goals justice objectivism Uncategorized values

Learning To Shrug Again

“If you saw Atlas, the giant who holds the world on his shoulders, if you saw that he stood, blood running down his chest, his knees buckling, his arms trembling but still trying to hold the world aloft with the last of his strength, and the greater his effort the heavier the world bore down upon his shoulders – What would you tell him?”

I…don’t know. What…could he do? What would you tell him?”

To shrug.”

Ayn Rand, Atlas Shrugged

I’ve recently taken a vow of silence in my own free time – as in, I have stopped speaking and simply gone about my days of isolation in complete silence. Listening to what’s around me, and searching for insights brought up from my mind. I’ve also been writing some more too.

Through this, the aforementioned quote came to me in reference to many of the things that I’ve been focused on in my life. In recent months I took upon a project to provide help and guidance to people who need it, primarily on YouTube. This was actually a very exciting undertaking initially because I felt that I was on the right path in regards to what I wanted to do.

However, I think I was wrong, but for reasons that I couldn’t fully understand until recent insights in my times of silence.

To provide some minor backstory, it’s been a very rough few months for me, to put it mildly. I had a relationship breakdown, and to describe the importance of it is to describe what was essentially my “life project”, so to speak. I was building my life around the relationship and was intending on moving countries – I was also studying to become a counselor, focused in on several different projects (including the self help one), fervently saving my money..you name it. It was my top value and I had the fire and drive behind me to prove it. Almost everything I did was revolving around that relationship. It was the glue that held everything together.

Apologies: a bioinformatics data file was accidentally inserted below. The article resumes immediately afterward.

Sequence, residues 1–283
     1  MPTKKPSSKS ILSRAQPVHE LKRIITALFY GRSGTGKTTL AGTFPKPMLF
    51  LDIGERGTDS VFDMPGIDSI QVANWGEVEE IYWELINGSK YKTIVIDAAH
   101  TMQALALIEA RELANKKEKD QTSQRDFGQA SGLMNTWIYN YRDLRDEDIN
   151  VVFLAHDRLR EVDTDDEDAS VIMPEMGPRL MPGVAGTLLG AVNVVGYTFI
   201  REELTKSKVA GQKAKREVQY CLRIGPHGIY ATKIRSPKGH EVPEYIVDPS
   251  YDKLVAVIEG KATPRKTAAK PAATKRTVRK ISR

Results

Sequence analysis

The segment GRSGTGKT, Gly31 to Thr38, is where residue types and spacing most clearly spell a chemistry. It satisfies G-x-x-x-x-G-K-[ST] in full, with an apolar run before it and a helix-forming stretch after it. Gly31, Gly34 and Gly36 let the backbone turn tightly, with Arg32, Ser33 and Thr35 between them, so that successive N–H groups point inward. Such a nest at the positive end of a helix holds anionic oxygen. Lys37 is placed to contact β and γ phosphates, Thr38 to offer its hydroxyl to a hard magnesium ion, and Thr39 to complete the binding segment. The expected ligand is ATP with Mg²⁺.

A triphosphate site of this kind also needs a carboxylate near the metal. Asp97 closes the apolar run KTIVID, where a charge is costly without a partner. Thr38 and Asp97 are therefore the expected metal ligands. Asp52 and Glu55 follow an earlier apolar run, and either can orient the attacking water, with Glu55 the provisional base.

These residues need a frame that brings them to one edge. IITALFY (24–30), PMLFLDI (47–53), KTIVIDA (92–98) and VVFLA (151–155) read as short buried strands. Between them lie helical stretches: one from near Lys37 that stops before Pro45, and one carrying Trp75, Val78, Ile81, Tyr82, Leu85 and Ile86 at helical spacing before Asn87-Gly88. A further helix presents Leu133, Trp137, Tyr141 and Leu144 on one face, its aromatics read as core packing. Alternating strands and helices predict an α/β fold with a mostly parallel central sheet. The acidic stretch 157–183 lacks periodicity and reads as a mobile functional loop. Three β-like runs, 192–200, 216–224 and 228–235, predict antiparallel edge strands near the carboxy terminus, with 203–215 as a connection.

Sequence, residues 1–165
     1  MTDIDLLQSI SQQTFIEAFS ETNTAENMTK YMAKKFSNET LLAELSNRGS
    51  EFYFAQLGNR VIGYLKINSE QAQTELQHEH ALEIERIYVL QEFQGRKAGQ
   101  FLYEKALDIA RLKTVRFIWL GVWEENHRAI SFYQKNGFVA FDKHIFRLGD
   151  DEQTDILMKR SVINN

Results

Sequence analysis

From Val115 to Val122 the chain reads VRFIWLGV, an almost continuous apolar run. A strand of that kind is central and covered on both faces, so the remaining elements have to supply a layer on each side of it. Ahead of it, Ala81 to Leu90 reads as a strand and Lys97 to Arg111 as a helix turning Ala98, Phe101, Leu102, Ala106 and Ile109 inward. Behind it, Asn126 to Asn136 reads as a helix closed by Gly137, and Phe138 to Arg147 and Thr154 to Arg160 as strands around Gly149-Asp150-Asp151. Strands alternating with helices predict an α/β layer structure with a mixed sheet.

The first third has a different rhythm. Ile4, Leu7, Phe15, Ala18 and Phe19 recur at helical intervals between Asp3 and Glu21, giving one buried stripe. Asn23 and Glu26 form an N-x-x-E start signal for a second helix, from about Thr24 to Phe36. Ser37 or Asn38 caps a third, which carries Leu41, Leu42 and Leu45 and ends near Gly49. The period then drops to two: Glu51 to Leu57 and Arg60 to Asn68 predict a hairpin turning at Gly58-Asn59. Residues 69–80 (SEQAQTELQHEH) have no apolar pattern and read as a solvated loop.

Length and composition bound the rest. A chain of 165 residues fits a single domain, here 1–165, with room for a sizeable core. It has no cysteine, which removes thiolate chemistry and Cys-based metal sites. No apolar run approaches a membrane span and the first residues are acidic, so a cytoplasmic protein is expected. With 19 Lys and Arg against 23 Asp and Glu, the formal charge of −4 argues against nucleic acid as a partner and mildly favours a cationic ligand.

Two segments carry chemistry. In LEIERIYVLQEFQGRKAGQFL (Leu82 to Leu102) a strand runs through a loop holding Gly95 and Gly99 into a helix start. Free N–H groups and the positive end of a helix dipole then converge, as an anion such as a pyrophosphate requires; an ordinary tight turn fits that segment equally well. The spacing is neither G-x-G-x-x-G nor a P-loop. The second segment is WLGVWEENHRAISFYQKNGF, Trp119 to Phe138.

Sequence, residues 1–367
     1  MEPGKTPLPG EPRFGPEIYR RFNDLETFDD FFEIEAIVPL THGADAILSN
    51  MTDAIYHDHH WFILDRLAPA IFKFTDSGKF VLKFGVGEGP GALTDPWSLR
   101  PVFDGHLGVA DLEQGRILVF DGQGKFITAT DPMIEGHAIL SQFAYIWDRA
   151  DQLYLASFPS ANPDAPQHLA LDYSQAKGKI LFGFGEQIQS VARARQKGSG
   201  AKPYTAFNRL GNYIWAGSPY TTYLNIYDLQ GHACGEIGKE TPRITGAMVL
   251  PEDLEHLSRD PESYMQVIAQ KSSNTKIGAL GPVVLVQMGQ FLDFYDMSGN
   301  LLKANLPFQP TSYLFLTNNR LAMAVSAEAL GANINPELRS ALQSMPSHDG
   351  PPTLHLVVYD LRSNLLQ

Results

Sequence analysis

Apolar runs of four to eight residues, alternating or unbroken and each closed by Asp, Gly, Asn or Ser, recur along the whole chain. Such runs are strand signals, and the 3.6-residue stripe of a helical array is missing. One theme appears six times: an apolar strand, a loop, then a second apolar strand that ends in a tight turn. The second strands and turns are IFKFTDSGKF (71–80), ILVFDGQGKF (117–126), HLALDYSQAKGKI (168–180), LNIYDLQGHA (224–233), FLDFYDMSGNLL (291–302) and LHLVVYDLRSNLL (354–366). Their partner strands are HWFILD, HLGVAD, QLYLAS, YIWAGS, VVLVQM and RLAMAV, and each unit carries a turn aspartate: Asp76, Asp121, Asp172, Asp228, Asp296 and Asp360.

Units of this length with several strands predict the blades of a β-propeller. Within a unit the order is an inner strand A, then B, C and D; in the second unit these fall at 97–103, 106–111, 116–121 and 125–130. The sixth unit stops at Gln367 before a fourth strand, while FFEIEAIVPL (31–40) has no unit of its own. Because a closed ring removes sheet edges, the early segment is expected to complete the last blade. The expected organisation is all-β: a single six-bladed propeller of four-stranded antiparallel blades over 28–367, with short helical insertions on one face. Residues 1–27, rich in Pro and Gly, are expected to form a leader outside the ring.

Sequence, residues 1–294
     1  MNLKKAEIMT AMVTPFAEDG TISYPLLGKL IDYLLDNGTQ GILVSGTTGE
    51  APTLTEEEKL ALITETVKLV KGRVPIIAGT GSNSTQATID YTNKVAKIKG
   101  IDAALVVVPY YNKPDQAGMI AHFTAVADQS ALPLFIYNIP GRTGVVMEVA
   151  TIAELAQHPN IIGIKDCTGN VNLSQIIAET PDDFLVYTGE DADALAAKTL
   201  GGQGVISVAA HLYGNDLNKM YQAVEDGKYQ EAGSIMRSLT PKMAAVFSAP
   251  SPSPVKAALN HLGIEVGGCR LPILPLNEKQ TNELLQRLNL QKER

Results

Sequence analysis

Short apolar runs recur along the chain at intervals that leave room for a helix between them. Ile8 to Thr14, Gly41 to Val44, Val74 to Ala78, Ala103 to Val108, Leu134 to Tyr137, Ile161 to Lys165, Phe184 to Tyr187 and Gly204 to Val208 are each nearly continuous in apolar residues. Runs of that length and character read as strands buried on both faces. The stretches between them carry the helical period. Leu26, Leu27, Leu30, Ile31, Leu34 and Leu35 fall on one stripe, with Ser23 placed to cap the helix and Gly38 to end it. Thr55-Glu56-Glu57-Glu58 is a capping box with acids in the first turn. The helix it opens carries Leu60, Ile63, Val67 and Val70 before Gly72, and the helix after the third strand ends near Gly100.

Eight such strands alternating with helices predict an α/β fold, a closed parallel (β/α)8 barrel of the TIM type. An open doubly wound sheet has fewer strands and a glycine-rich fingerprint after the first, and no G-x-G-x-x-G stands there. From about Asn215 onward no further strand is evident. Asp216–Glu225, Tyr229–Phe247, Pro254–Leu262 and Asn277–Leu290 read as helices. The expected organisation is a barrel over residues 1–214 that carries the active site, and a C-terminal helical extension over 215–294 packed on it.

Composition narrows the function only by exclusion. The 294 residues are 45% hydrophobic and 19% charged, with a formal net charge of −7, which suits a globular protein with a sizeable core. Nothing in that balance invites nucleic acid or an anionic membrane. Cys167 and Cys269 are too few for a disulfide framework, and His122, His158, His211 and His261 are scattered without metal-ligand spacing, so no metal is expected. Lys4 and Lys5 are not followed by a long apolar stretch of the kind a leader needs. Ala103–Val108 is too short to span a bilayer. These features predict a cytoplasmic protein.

The ending of that relationship destroyed me. If you imagine, for a moment, the flooring of a house collapsing in on itself, consider what would be left. Maybe some scattered furniture here and there – perhaps even some scaffolding. But everything else is dust, and a mighty big cleanup job is necessary. That house was me. My closest friends saw how broken I was, which include some very close online friends (who I am eternally grateful to have). The very core of my strength was completely and utterly crushed. I was a husk that felt like death would be a release for months. The frog people saw on video was a frog that was incredibly good at holding himself together and not breaking down in tears.

And yet through all that unspeakable pain, I carried on. I carried the weight of my projects, my work, my health, my money. And while I thought I was on the right path, the collapsing of my entire world brought about some startling clarity over time as to what the roots of some of my supposed values actually are. I became more insightful. Through that insight, I recognized that I was burdening myself with responsibilities that simply were not ones I wanted to have.

When I started to study counseling and started my self help work, I went in with the thought that “I like to help people. I like to see people do better, and become heroes.” My reasoning was sound, in that it aligned with what I enjoyed seeing – prosperity, especially in youth. I teach for a living, and it is a wonderful thing to see.

But what I had failed to listen to at the time was the lingering, subtle doubt in the choice I had made. And now that I am rebuilding my house, through all its remains, I could see those markings and truly examine them.

My entire life, I held the notion that seeing people do well, and being good to people, was a good thing – and I still do consider this a good thing. But I also burdened myself with being the one man that is responsible for other people’s problems. I was the problem solver – the sage among friends and the motivator behind everyone’s actions. I cannot count the amount of times friends and family have specifically come to me to ask for help with certain issues. I’m very good at solving other people’s problems – I always have been and have the experiences and feedback to prove it.

But the problem was that I, at some point, made it my duty and didn’t even know it. It came from a place of “helping people for the sake of it”, rather than “helping people because I want to.” Not doing so, too, was a choice that made me feel intense guilt and anxiety. As if I were a bad person. And yet I became tired of the parasitic nature of some people. I also needed to work on my own problems, too – something which I burdened no one with (and again, I am eternally grateful for my friends who were there to listen to my struggles, you know who you are). But it was hard for me to do so when so many other people had problems and they relied on me!